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Hi. I'm a Unix Administrator, mathematics enthusiast, and amateur philosopher. This is where I rant about that which upsets me, laugh about that which amuses me, and jabber about that which holds my interest most: Unix.
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Posted 11-04-2009 at 04:32 PM by rocket357
Updated 11-04-2009 at 04:39 PM by rocket357

I don't even know what to type out for this blog...I mean, I know what I want to say...I just don't know **how** to go about wording it. See, I've been under the impression that Microsoft and vendors who utilize Microsoft products write easy to use operating systems and software suites. Today I noticed something strikingly similar to "Linux user-unfriendliness".

Now, I personally don't care what the user-friendly camp says. The only argument that makes ANY sense is that the more friendly the software is, the bigger the user base, and that leads to more attention from hardware vendors in the form of drivers. Ok, I can live with that argument...it makes sense...but every other pansy cry for more user-friendliness is void and null, IMHO. (Feel free to disagree). And the hardware driver argument is pretty lame, too, considering most Linux users watch the HCL's pretty closely...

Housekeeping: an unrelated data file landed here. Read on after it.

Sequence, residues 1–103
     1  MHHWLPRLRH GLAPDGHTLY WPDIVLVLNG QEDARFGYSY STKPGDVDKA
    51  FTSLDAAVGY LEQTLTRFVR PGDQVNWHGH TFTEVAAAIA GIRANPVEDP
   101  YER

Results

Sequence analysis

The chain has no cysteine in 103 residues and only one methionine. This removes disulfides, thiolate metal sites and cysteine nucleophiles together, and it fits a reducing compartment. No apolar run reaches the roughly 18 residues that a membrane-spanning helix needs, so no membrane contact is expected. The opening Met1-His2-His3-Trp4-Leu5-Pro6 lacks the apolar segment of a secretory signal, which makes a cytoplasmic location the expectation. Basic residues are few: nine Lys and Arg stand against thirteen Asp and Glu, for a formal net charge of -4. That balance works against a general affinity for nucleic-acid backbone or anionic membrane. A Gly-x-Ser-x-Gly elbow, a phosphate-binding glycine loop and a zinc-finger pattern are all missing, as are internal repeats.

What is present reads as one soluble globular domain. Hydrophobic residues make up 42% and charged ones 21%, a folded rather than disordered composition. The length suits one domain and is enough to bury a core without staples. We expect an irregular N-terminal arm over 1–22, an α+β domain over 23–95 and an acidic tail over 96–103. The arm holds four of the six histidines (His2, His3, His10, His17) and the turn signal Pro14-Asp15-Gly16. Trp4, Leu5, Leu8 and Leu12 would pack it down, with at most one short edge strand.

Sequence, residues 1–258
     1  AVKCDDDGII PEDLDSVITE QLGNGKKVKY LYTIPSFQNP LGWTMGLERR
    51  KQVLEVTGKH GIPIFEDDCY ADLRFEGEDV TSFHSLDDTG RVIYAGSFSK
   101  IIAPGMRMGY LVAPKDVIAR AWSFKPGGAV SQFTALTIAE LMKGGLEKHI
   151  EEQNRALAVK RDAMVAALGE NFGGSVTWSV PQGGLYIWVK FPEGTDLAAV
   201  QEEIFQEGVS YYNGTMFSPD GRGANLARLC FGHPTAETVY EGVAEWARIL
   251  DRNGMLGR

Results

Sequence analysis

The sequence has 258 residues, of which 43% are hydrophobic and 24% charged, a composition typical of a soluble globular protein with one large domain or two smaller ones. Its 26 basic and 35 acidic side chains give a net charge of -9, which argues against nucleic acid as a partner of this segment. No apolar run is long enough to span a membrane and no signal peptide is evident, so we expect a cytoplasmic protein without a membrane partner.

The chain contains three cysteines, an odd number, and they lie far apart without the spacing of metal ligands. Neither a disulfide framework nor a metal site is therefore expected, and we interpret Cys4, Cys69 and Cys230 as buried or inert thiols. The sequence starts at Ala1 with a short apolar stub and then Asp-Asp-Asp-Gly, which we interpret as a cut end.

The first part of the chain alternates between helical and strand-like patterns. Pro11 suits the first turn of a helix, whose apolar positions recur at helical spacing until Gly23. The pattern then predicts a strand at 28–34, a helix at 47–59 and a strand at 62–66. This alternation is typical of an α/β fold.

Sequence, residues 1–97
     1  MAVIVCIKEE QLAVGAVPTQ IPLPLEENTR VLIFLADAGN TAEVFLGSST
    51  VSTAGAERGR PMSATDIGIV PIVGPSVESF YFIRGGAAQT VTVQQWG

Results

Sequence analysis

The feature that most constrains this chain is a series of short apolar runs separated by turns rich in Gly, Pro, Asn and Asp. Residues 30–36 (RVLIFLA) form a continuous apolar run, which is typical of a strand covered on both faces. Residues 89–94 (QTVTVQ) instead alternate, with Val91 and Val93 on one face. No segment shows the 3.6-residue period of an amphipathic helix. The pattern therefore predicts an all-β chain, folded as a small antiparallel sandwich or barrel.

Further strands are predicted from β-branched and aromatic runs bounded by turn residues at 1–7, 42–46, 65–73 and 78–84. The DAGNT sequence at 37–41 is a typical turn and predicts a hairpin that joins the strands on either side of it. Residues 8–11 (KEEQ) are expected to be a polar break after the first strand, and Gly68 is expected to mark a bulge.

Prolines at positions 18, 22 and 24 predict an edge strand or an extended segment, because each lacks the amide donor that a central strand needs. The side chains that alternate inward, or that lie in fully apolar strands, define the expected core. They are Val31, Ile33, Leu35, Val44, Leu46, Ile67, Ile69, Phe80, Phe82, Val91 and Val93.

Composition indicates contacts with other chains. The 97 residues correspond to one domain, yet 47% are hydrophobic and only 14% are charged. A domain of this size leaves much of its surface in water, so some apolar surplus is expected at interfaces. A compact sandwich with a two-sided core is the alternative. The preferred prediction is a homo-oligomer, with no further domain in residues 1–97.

So don't take this posting as a whine about Windows or Linux...think of this as an apples-to-apples comparison.

To get to the actual event that took place, I was setting up two Dell machines today for BusinessObjects installations (quite possibly the one company I despise more than Microsoft), and I had to install PERC6/E drivers. Now, I'll give you that we're in a vastly different environment here from typical user-friendly-Windows environments...but follow the logic here: I download the driver, which is an executable, and transfer it to the server. I perform the typical Windows "double-click-it" installation, and I'm shocked to see that the executable simply unpacked itself and then opened the directory where it placed the files! No fancy automatic driver install. No fancy graphics to look at while I wait. Nothing.

I stared at the screen in disbelief for a few moments...whaa?? You mean I have to **do something**?!

Then it hit me. Here I am, in a Windows environment, albeit a professional server environment, and the software vendor is expecting me to exercise some intelligence in figuring out how to get this driver installed (well, ok...they are expecting me to RTFM). I open the README, scroll to the appropriate location, and start reading. I end up pulling up the Device Manager, right-clicking the device that isn't configured, and click "Update driver". I follow the screens, tell it where to find the drivers that were unpacked a few moments ago, and click "ok".